Since 1986, the EPA’s Toxic Release Inventory program has required approximately 10,000 U.S. manufacturers to report annual release quantities for hundreds of toxic chemicals. This yearly list not only helps the EPA to monitor and enforce the release of certain dangerous chemicals, it also gives journalists and activists the info they need to bring polluters to public attention. In 1991, for example, THE ATLANTA JOURNAL AND CONSTITUTION was able to include Herman Miller Inc. — maker of the famous Aeron chair — in an article entitled “Your Toxic Neighbors: Progress on Pollution.” According to the article, the office-furniture manufacturer was a “small generator” of acetone, which the company used for cleaning at its area plant.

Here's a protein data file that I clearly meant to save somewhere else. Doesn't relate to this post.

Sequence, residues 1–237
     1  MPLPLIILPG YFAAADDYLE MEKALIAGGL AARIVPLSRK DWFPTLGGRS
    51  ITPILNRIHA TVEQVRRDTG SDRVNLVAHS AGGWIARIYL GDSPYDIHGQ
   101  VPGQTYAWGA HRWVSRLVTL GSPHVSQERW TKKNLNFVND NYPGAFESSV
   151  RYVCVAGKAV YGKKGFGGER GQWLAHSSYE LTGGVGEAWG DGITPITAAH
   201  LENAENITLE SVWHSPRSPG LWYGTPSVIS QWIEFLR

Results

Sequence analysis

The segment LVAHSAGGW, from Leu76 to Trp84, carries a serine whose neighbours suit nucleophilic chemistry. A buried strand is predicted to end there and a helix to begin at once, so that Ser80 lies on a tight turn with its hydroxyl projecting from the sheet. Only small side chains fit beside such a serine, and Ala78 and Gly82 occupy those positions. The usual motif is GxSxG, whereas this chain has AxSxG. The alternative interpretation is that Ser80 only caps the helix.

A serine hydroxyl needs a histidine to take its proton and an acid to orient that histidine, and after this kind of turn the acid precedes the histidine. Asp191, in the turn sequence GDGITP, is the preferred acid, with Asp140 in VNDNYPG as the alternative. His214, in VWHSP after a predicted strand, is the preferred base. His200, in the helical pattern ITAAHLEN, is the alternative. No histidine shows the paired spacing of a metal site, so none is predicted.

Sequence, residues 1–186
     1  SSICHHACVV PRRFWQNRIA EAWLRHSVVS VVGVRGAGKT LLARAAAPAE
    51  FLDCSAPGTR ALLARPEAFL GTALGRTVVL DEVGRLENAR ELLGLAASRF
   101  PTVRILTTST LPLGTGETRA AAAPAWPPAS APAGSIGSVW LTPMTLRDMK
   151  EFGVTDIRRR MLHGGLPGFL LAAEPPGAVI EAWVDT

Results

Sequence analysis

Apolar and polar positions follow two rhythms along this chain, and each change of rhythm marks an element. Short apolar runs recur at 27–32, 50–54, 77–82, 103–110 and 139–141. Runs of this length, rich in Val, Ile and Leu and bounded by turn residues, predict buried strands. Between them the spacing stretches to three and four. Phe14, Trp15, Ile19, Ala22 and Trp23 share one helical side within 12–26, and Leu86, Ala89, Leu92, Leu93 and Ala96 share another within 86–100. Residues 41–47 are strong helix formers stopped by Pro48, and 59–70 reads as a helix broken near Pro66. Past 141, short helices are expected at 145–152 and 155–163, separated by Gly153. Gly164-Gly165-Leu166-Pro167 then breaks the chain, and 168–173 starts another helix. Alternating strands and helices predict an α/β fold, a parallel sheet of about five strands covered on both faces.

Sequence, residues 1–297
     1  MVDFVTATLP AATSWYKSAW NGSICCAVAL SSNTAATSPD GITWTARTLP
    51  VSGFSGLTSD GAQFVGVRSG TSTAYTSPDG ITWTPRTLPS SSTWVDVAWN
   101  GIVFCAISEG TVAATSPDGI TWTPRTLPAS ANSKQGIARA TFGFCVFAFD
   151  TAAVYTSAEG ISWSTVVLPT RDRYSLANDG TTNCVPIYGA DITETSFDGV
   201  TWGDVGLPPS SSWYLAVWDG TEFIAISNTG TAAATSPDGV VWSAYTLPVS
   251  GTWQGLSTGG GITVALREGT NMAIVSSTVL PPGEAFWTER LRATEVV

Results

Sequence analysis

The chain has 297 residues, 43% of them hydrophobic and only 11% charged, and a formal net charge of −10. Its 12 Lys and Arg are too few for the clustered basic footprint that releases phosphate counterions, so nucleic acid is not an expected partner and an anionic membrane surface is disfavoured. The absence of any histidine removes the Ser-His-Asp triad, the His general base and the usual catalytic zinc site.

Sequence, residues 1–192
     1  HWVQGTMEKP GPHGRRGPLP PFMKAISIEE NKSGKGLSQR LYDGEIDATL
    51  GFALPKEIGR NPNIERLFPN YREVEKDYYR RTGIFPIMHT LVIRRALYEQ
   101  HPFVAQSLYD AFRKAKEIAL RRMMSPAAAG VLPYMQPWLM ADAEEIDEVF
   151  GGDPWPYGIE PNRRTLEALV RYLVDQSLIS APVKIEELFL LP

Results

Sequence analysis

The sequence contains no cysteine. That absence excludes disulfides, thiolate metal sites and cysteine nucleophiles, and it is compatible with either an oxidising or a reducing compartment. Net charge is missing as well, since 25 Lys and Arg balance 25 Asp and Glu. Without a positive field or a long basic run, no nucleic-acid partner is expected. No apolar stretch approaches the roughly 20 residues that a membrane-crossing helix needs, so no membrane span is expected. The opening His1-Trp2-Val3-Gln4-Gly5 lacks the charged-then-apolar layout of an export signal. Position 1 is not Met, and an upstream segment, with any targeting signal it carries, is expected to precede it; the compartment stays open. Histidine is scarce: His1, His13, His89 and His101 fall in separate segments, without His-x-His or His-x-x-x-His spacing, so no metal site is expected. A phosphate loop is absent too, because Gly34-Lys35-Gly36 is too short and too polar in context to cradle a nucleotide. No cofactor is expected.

This 1991 snafu was rare for Herman Miller, which according to BUSINESS ETHICS magazine, has won mostly praise for its environmental policies. In 1995, for example, the company discontinued use of wood from tropical forests. Today, it recycles nearly all manufacturing waste, uses wood scraps to generate heat for its Michigan headquarters, and even buys back and re-sells its old products to keep them from the dump. Recently, Herman Miller built a Michigan factory that cuts energy costs by 30 percent through solar power. Its most radical experiment to date is a protocol that requires engineers to use only materials of low or zero toxicity in new furniture designs.